by Jeff Trexler
In my last post, we looked at the attorney-client privilege question addressed by yesterday’s Ninth Circuit ruling in favor of DC. But does a clear victory for DC in a this rather technical legal issue signal a greater loss for the Siegel and Shuster heirs?
As a preamble: here’s my comment from last time to bring you up to speed:
@Paul O’Brien My next post goes into some of the key legal implications of this letter. It does indeed go beyond the bare fact of an apparent conflict–WB argues that due to the transfer of future Superman copyright interests to a joint venture with Pacific, the court has specific legal grounds to nullify the termination and everything else since the Shuster estate’s 1992 agreement with DC and the terms (allegedly) agreed upon between DC and the Siegel heirs.As discussed in my recent posts here at The Beat, Warner Brothers (WB) has made the heirs’ lawyer, Marc Toberoff, a prime target in its attempt to foil the heirs’ termination of the transfer of the Superman copyright back in 1938. The not so hidden subtext: the WB’s argument was not frivolous–there is indeed a substantial chance that Toberoff’s alleged conflict of interest, along with the surprisingly weak brief filed in the Siegel appeal, could undo the Siegel heirs’ half-ownership of the Superman copyright.
Today’s Ninth Circuit opinion gave a clear signal that Toberoff’s conflict of interest, allegedly proven in the documents due to be entered into evidence in the District Court, could be fatal to the both the Siegels’ and Shusters’ claims. Perhaps the most telling passage in regard to the Superman dispute is the third paragraph of the panel’s opinion:
To pursue these goals, Toberoff created a joint venture between the Heirs and an entity he owned. Toberoff served as both a business advisor and an attorney for that venture. The ethical and professional concerns raised by Toberoff’s actions will likely occur to many readers, but they are not before this court.
When a court goes out of its way to note that many people would find behavior in a closely related case to be problematic, what they say may not be binding but it can be most revealing. In this passing observation, the court indicates that by having a substantial financial interest in the outcome of the heirs’ respective cases, Toberoff might be tempted to put personal gain over the best interest of his clients–a serious ethical breach.
Another couple passages pertinent to the Siegel case come in the opinion’s closing legal analysis. While addressing the core doctrinal points, the panel gives not so subtle jabs at the competence and character of Toberoff’s representation.
First, the panel notes that Toberoff might have been able to preserve attorney-client privilege in key parts of the disputed documents if he had made certain basic court filings–filings that he had failed to make.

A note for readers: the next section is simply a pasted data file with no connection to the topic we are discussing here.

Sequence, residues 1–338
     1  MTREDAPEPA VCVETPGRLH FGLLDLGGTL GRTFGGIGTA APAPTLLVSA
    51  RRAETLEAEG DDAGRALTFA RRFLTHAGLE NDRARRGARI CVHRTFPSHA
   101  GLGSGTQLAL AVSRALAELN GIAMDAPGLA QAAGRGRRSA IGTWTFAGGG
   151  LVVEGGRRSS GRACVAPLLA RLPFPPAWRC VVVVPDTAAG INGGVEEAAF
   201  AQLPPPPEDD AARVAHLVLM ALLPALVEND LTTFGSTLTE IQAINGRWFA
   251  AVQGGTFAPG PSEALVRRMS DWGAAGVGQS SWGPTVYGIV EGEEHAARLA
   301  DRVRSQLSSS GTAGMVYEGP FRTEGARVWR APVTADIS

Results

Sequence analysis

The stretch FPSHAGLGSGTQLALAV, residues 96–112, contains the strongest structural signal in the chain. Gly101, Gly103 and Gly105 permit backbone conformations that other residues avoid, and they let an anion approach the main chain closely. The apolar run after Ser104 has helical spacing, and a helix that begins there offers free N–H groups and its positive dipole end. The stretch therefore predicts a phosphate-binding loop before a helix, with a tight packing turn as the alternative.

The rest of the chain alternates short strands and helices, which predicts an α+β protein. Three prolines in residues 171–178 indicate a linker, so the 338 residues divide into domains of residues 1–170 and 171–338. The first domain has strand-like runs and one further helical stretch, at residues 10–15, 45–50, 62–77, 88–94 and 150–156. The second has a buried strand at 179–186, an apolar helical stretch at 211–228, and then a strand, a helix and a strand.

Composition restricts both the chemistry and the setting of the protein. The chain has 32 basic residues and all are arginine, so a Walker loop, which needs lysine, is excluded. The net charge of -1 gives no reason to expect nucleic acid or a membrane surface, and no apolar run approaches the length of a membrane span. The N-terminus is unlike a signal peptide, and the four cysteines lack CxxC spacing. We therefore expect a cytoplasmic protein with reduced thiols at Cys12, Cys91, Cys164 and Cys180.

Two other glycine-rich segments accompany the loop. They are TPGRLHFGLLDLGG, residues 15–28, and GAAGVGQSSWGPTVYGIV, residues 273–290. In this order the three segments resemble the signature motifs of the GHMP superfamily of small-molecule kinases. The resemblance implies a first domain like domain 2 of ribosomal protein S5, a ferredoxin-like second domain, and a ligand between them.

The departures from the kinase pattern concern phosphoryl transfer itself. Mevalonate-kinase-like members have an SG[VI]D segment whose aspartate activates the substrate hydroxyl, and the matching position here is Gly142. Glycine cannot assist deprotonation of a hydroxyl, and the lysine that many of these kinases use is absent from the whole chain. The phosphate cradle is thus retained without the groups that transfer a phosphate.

Then, in response to Toberoff’s argument that he may have turned over without his clients’ knowledge or direction, the court does not stop by noting the presumption that the heirs consented to actions on their behalf. The judges also return to Toberoff’s evident conflict-of-interest in a telling footnote:
There is also evidence that Toberoff should himself be treated as a co-client. After all, Toberoff represented all of the Petitioners, including a joint venture between the Heirs and himself in which he had a controlling interest.
If the court in Pacific Pictures should decide that there was indeed a substantial conflict of interest, the consequences could go well beyond Toberoff’s removal as attorney for the Siegel and Shuster heirs. As we saw in when reviewing the appellate briefs, WB argues that Toberoff’s interference led the Siegel heirs to improperly reject a generous binding settlement. A finding against Toberoff on the conflict-of-interest issue would only reinforce WB’s effort to erase the impression that this is a dispute between a noble family and a greedy corporation, a reframing of the case that could exert a subtle but significant influence on the court’s decision on the legal issues.
What’s more, WB has claimed that Toberoff’s substantial financial interest has serious legal consequences for the validity of the Siegel and Shuster heirs’ attempts to terminate the copyright in various Superman-related properties. In Pacific Pictures, WB argues that Toberoff improperly interfered with both the Siegel settlement and a 1992 agreement with the Shuster estate. The company further asks the court to nullify the heirs’ termination claims on a number of grounds, such as
• Toberoff’s alleged illegal “trafficking” in future terminated copyrights,
• material misrepresentations allegedly made to the court regarding who held the Superman and Superman copyrights, and
• the explosive argument that the Shuster estate’s transfer of its termination interests to Toberoff’s Pacific Pictures left Shuster heir Mark Peavy with no ownership interest in the character–and thus no legal grounds for filing a valid termination claim.
Under normal circumstances, the question of whether documents provided to a government official are covered by attorney-client privilege is ordinarily a matter of little relevance to the comics community. However, as a result of today’s Ninth Circuit opinion, it may very well decide the fate of the both the Superboy and Superman copyrights.